By inhibiting – or blocking – the enzyme, the drugs can stop viruses in their tracks and prevent them from spreading through the body. This is how the drug combination keeps HIV under control, although it can’t wipe it out completely.

When lopinavir and ritonavir are taken together, ritonavir also helps to increase the amount of lopinavir in the body so that the medication will have a greater effect.

The desired effect didn’t happen on patients with coronavirus, however, so trials of the drug have now been brought to an end.

Although the failure of lopinavir-ritonavir is a disappointment to hopes of finding a cure for coronavirus, the RECOVERY trial — involving thousands of patients in more than 150 NHS hospitals — has produced success, too.

It was the Oxford trial that proved dexamethasone, a cheap and accessible steroid, could cut the risk of death for intensive care patients.

That drug is now widely used around the world to treat the sickest Covid-19 patients and can cut the risk of dying by up to a third.

RECOVERY also proved that hydroxychloroquine – the anti-malarial drug that US President Donald Trump said he was taking to protect himself – does not offer any benefits to hospitalised Covid-19 patients. 

The results of the lopinavir-ritonavir trial chime with what doctors in China found at the start of the pandemic.

In April, researchers from the Guangzhou Eighth People’s Hospital gave the drugs to 34 patients with coronavirus and came to the same conclusion.

Treated and non-treated patients in that study showed similar outcomes after a week and 14 days. The study found no differences between groups in the rates of fever reduction, cough alleviation, or improvement of lung inflammation.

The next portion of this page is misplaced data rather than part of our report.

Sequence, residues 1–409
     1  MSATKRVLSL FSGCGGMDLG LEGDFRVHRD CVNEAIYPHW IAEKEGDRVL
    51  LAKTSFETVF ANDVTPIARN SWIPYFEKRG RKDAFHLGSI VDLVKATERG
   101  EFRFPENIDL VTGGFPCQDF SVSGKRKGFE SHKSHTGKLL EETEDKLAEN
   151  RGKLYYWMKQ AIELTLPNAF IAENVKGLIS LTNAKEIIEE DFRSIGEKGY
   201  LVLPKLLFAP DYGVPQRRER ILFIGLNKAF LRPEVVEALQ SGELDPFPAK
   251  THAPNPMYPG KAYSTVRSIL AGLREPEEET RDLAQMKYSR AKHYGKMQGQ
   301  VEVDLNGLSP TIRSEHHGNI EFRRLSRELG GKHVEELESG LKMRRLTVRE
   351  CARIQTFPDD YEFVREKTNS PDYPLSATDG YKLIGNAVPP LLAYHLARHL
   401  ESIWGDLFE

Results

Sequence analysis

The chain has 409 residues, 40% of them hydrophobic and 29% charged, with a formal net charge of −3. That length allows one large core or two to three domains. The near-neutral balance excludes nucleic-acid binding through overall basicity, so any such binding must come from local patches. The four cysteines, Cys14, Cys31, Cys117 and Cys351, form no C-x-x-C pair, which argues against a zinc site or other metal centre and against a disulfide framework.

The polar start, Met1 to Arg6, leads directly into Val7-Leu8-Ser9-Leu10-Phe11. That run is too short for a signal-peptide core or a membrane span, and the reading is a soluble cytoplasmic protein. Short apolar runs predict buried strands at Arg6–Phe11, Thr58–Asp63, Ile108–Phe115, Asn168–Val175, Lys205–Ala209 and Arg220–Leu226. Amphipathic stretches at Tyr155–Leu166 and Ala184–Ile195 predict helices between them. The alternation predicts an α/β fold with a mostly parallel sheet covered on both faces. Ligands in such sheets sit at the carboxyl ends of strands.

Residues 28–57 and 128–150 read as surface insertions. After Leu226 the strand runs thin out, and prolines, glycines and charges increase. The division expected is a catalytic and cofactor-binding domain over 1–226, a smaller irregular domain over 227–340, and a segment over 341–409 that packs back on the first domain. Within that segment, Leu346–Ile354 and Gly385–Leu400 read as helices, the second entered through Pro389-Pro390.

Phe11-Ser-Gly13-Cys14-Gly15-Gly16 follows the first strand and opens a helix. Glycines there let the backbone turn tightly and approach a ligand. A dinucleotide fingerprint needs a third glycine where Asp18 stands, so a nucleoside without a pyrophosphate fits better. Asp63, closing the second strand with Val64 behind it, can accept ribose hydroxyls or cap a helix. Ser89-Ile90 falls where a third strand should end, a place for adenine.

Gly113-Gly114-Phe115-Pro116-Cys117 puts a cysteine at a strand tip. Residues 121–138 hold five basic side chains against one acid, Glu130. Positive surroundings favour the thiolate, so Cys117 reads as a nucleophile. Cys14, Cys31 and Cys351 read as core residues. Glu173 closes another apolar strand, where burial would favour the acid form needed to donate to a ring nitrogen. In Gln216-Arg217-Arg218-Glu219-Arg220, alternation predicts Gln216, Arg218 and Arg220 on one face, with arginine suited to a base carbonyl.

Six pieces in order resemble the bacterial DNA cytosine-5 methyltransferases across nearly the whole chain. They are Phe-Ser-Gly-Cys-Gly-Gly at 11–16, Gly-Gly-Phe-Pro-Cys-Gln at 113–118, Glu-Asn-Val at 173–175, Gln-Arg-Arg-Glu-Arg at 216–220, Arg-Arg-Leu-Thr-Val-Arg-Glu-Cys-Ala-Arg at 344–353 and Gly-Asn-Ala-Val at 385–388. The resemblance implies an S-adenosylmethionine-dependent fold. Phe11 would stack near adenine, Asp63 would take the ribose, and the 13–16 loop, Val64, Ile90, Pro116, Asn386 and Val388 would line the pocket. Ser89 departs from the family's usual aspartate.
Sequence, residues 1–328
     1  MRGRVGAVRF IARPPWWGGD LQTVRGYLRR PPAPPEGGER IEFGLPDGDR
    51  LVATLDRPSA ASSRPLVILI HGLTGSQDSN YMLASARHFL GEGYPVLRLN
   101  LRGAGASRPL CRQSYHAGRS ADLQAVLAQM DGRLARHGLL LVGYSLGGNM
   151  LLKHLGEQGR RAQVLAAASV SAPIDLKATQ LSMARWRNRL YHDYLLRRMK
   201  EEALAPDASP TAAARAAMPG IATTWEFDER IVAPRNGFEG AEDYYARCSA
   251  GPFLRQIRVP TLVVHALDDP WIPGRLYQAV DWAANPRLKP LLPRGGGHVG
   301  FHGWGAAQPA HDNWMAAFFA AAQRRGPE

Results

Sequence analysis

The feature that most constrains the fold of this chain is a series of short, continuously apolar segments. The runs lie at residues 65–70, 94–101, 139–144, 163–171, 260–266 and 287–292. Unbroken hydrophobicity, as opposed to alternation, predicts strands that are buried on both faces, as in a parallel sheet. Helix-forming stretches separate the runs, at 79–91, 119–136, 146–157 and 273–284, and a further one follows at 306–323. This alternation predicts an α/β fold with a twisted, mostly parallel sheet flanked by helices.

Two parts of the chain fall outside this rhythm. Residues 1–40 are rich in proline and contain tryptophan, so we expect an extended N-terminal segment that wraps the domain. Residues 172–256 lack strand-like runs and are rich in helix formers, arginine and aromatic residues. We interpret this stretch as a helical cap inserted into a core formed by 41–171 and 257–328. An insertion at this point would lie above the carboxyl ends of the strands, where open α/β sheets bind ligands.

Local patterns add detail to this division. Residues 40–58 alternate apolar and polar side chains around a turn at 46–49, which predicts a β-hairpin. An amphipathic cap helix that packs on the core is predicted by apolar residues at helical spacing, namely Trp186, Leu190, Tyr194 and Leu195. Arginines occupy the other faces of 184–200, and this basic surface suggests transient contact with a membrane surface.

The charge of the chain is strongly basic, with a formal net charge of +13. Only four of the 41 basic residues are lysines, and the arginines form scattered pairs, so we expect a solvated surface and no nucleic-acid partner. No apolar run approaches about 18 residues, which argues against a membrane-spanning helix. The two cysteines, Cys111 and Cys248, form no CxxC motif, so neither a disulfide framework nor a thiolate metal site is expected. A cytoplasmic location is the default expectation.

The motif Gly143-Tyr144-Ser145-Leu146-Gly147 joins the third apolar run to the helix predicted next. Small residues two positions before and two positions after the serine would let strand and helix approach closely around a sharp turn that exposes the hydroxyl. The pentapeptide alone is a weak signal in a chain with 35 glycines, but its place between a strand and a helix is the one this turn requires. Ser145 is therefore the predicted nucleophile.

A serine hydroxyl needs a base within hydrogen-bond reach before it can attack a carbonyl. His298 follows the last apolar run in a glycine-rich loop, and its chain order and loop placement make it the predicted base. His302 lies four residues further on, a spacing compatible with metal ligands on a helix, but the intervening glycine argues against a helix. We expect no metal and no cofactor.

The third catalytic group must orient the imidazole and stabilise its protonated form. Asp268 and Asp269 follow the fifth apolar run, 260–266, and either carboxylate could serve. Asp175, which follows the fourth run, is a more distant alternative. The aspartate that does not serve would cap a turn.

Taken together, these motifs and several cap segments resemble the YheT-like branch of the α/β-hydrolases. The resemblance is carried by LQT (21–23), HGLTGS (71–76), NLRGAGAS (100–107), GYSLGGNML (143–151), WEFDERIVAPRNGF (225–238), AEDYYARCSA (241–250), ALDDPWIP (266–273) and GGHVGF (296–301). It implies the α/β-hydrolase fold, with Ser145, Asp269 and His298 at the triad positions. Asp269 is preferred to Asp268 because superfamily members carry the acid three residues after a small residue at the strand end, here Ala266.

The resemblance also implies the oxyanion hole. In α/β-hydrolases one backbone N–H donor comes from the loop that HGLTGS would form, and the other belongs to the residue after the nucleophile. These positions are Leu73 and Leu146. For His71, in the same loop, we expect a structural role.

The scientists at the time admitted their study was too small to be sure, but that there were no signs the drug would work.

Writing in a comment in The Lancet alongside the RECOVERY study, Dr Bin Cao from the Capital Medical University, China, and Dr Frederick G Hayden from the University of Virginia, said: ‘Compared with the first randomised trial to investigate lopinavir-ritonavir in patients with Covid-19 [one of which was run by Dr Cao] the size of the lopinavir-ritonavir group in the RECOVERY trial was much larger and hence provides a more solid evidence base regarding possible lopinavir-ritonavir treatment effects.

They added: ‘The findings of these two open-label studies support each other and conclude that lopinavir-ritonavir is not effective in improving outcomes for patients admitted to hospital with Covid-19.’ 

The RECOVERY trial results on lopinavir-ritonavir are published in The Lancet, and the trial continues to test other drugs including azithromycin and tocilizumab.